San Francisco Ford Lincoln closed its doors the other day.
The last Ford dealer on Van Ness Avenue’s historic Auto Row closed its doors.
As the last Ford dealer in San Francisco became history, it joined the ranks of the last Chevy dealer, the last Buick, Oldsmobile, Pontiac, Cadillac, GMC, Saturn, Lincoln, Mercury, Chrysler Plymouth, Dodge, Jeep, DeSoto, AMC dealers in the history books.
Detroit’s Big Three, GM, Ford, Chrysler, no longer have a dealer in San Francisco selling their vehicles. No pickups, SUV’s, Minivans, Crossovers, luxury cars, hybrids, compacts or subcompacts in San Francisco.
From a post World War II high of nearly 60 dealers, none exist within the City and County of San Francisco. Van Ness Avenue is down to a few imported brands from a high of 20 outlets.
An era, a century closed with San Francisco Ford Lincoln.
Geary Blvd. once had 20 dealerships. Now it has the remaining Toyota dealer in the City. Reynolds Seiler AMC Rambler, like many AMC dealers in the Bay Area during the large 60’s, dueled with a small import line, Toyota. Within three years the owners dropped AMC and rode the fortunes of Toyota. They also opened up a larger Toyota franchise on Van Ness.
Van Ness Ave. was the fabled Auto Row with the dealerships built a century ago looking like palaces. I remember three Chevy and two Ford dealers on Auto Row. The oldest was Hughson Ford. William Hughson received the first Ford franchise and went on to outlive, that is, collect on his life insurance policy. S & C Ford on Market and Van Ness folded three years ago during Detroit’s collapse. I looked at the original Ford Shelby 350 and 500 Mustangs in its showroom. The Van Ness dealers rented searchlights to draw customers when the new models were released.
George Olson was the large Cadillac dealer on Van Ness. I entered college in February 1964 and joined the college newspaper, The Foghorn, as its photographer. My first assignment was to take photos of the Civil Rights picketing of the Cadillac dealer to integrate the auto showrooms. I heard for the first time “We Shall Overcome” that day. The property is now an AMC Cinema.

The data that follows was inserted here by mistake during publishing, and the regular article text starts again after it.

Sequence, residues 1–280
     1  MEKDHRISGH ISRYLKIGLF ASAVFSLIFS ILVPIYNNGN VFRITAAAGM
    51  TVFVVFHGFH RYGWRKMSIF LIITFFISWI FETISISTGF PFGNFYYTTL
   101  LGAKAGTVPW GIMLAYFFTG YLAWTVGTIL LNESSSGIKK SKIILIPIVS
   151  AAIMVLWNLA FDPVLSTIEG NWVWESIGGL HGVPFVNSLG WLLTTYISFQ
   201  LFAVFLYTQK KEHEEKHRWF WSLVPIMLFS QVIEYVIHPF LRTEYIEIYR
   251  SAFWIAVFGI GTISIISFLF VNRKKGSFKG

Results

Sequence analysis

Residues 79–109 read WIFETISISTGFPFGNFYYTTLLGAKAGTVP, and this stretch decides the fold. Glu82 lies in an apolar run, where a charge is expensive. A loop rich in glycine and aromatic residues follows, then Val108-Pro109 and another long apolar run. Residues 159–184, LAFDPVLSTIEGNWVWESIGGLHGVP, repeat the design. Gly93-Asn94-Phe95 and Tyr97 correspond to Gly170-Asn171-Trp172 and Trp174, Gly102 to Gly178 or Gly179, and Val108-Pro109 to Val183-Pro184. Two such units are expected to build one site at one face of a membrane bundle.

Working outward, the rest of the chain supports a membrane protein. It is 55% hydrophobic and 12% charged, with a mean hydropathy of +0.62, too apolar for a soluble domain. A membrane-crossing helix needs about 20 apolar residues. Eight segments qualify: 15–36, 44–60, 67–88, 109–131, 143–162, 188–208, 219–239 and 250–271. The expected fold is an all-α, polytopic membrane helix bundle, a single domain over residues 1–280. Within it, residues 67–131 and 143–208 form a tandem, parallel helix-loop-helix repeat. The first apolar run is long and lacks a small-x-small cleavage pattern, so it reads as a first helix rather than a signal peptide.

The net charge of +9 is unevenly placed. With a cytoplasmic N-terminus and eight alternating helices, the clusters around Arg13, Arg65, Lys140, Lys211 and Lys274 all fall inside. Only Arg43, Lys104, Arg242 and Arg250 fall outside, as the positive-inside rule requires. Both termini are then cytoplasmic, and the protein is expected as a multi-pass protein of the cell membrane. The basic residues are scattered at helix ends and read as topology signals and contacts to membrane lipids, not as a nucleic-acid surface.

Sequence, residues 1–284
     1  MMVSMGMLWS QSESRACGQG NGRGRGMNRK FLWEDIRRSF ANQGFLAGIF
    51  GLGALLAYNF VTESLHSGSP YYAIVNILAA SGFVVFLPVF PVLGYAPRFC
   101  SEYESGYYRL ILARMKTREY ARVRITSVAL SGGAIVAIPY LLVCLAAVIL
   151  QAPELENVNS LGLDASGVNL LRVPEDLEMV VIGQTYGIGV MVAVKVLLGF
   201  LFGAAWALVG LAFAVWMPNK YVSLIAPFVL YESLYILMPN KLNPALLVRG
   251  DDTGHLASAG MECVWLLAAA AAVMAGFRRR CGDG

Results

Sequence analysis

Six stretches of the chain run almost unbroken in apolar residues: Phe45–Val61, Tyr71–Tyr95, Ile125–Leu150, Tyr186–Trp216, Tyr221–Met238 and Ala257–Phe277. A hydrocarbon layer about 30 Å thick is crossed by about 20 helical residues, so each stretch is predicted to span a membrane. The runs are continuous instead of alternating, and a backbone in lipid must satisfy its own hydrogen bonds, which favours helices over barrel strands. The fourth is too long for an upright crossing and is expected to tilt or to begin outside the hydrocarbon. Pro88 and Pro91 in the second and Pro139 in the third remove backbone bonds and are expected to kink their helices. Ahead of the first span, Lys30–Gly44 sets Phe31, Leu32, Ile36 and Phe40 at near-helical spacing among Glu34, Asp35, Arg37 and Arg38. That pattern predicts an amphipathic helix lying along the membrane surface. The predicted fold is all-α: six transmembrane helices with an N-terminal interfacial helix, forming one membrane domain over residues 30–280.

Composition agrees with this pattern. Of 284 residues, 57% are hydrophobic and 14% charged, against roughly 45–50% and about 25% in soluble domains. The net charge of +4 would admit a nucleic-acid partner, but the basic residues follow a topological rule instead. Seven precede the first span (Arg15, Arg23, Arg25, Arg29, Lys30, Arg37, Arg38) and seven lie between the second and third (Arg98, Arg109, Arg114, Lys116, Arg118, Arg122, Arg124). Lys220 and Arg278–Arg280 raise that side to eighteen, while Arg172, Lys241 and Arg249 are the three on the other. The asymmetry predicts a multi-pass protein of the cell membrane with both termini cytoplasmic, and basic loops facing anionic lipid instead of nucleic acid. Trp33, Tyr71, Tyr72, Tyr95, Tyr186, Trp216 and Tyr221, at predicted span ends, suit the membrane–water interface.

The Chrysler Plymouth dealer tried a novel idea to sell cars. It fired the salesmen and replaced them with young saleswomen. It attracted traffic into the showroom, but the young men weren’t there to buy cars. Adverse sales threw cold water on that idea.
The fabled Ellis “If you can find it cheaper elsewhere, I will give you 5 pounds of Hills Brothers Coffee” Brooks closed 2 ½ years ago, the last GM dealer in the city.
The building will become a Nissan-Infiniti outlet, at least for now.
Les Vogel Chevrolet advertised “See the USA in a Chevrolet at Mission and Van Ness.” It saw its way down the Peninsula as a Chrysler Plymouth, Jeep and Dodge dealer.
Some of the dealers became pillars of the community. Roger Boas, with a Pontiac dealership on Geary Blvd. near Kaiser Permanente, was Chairman of the Democratic State Party.
Detroit’s franchises spread throughout the neighborhoods. Ben Alexander, an actor who was Jack Webb’s partner on the original Dragnet, had a Ford shop on Mission Street, near Sears (also closed). A VW dealer was on 19th Ave. Fazarkerly Cadillac was in Stonestown across from the Emporium. After going through two successive owners, it became a Petco. The Oldsmobile dealer on Van Ness morphed into a chain bookstore.
The land became too valuable, and profits too small, to justify selling cars. Profits could be made by terminating the high cost, low profits dealerships as the economics of the auto industry changed. A 9.5% sales tax doesn’t help sales in the City. The small buildings, lacking parking, became economically inefficient.
If you want to buy a Made in Detroit vehicle today, you must cross the line into Daly City; i.e. Serramonte, or Colma, where the dealerships are nestled between the cemeteries.
The City & County of San Francisco is down to 5 non-Detroit dealerships.
Silicon Valley beat out Detroit in San Francisco.